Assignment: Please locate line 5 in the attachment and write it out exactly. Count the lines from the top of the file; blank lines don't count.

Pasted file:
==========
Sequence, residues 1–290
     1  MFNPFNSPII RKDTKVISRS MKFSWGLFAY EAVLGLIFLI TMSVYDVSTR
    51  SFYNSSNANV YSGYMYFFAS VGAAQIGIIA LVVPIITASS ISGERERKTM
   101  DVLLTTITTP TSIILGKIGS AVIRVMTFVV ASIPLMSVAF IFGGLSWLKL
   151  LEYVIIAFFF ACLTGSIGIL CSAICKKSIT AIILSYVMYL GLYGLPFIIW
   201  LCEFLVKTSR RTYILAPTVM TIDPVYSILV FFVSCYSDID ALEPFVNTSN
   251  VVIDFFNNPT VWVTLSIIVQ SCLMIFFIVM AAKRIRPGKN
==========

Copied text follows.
   151  LEYVIIAFFF ACLTGSIGIL CSAICKKSIT AIILSYVMYL GLYGLPFIIW